Why You Can See the Moon During Daylight Hours

08.21.2013 |

Image: Vaughan Willis

Image: Vaughan Willis

I have a friend whose young son gets incredibly excited when he can see the moon during the day. After several excited shouts of “day moon!” the youngster asks his mom why he can sometimes see the moon when the sun is up, and not just at night. Good question.

Objects in the sky appear to pass overhead on a daily basis because the earth is rotating, or spinning on its axis. For example, at the equator, the sun appears above the horizon for approximately 12 hours a day (though this varies according to the season).

This is true for the moon as well – but the moon is also traveling in an orbit around the Earth.

“And because the moon travels around the Earth, its 12 hours above the horizon aren’t always the same as the sun’s 12 hours,” says Stephen Reynolds, an astrophysicist at NC State who was kind enough to talk to me about this subject. So, sometimes the moon is above the horizon only at night, sometimes only during the day, and sometimes a little of both.

However, any time the moon is above the horizon, you should be able to see it (though it’s a little less obvious in the bright light of day). With one exception.

While we talk about the moon “shining,” it is actually reflecting the light of the sun. And the side of the moon that is lit up is the side that is facing the sun.

Depending on the position of the sun and moon, those of us here on Earth can see different amounts of that “lit” side of the moon. That’s why we see different phases of the moon, such as a full moon or crescent moon.

If the moon is above the horizon, the only time you won’t be able to see it is when it is a “new” moon – meaning that the lit surface of the moon is facing away from the Earth.

Note: Many thanks to Stephen Reynolds, Alumni Distinguished Undergraduate Professor of Physics at NC State, for taking the time to talk with me about “day moons.” Any errors in the above post are mine alone.



5 Responses to “Why You Can See the Moon During Daylight Hours”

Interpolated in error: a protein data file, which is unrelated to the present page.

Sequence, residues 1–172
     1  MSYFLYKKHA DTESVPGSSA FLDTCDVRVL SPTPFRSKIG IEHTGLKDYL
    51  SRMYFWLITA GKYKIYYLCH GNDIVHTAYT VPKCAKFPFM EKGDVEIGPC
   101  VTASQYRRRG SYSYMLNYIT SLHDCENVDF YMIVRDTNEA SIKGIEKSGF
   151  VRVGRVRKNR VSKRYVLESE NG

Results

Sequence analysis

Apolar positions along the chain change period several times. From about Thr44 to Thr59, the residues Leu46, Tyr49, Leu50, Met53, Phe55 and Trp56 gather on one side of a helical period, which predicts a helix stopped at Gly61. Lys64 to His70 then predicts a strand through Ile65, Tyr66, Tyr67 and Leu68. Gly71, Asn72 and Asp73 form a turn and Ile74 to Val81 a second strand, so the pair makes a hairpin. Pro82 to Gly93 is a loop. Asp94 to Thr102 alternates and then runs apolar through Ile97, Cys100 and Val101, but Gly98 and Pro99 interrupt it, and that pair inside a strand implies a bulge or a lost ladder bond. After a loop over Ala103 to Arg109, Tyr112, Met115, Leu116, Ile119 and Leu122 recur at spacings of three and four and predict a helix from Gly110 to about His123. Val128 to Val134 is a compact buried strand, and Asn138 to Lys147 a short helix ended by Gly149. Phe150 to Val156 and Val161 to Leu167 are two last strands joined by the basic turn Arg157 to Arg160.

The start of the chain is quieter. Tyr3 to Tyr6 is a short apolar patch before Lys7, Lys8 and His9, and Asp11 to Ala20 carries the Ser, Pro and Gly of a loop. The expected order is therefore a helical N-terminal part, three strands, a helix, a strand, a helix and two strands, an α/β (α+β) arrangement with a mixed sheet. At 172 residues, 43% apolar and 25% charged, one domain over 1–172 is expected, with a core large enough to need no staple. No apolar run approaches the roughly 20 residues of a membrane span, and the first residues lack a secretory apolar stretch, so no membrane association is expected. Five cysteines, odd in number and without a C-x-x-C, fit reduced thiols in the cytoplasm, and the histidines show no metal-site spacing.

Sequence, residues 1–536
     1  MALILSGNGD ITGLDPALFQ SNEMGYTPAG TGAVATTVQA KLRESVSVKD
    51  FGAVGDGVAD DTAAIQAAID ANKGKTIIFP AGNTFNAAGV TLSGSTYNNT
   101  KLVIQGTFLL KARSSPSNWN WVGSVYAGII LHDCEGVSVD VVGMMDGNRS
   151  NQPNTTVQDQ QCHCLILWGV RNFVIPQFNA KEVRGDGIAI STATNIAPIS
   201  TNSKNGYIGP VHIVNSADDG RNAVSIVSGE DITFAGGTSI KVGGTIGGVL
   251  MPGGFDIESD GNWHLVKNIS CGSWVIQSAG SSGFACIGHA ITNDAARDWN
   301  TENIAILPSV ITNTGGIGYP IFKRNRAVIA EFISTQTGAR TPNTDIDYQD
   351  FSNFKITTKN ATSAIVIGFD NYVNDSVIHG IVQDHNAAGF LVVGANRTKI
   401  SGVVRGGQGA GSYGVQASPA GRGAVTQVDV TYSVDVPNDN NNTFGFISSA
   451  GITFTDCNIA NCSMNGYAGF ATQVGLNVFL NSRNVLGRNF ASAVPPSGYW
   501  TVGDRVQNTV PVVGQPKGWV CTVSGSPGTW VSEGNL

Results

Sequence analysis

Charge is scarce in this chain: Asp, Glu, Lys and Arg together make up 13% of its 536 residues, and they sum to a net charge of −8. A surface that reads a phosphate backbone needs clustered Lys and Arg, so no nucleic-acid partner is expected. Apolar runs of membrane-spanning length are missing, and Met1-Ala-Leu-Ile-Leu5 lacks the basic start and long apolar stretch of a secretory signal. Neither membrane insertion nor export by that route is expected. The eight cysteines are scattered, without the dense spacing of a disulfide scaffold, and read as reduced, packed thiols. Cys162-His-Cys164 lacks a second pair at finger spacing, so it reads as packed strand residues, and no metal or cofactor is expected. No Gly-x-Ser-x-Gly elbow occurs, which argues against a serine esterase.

1. alex says:

    This article is useless and does not answer they key point in the title.

    Only explanation it gives is that the moon is in the sky for almost 12 hrs per day.

    After reading this article can you explain why we can see moon during the day, but not the stars? Starts are there 24 hrs a day, but we can only see them in the night.

  2. Info Dave says:

    I took an Astronomy class in college. One day the professor took outside, about 10 o’clock in the morning. He pointed us to a particular spot in the sky. One by one, our jaws dropped as we saw Venus. Very cool!

  3. Matt Shipman says:

    Hi Alex,
    that’s a great question!

    Here’s the answer: “During the day, the brightness of the sky washes out the light from the stars: a region of the sky including a bright star is only very slightly brighter than a region of the sky without a bright star, so your eye cannot notice the difference. However, the region of the sky containing the Moon is much brighter, so you can see it. You can also sometimes see Venus during the day if the conditions are right and you know exactly where to look, but anything dimmer is lost.” — David Palmer and Tim Kallman, NASA

  4. Matt Shipman says:

    Also, Steve Reynolds and I answered two other questions from kids about space: How many stars are there? and How many rings does Saturn have?

    You can find those two posts here:
    http://www.carolinaparent.com/community/blogs/details.php?Science-Questions-from-Kids-How-Many-Stars-Are-There-4816

    and here:
    http://www.carolinaparent.com/community/blogs/details.php?Science-Questions-From-Kids-How-Many-Rings-Does-Saturn-Have-4764

  5. [...] moon. Nice explainer on why we see the moon during daylight, for kids of all [...]

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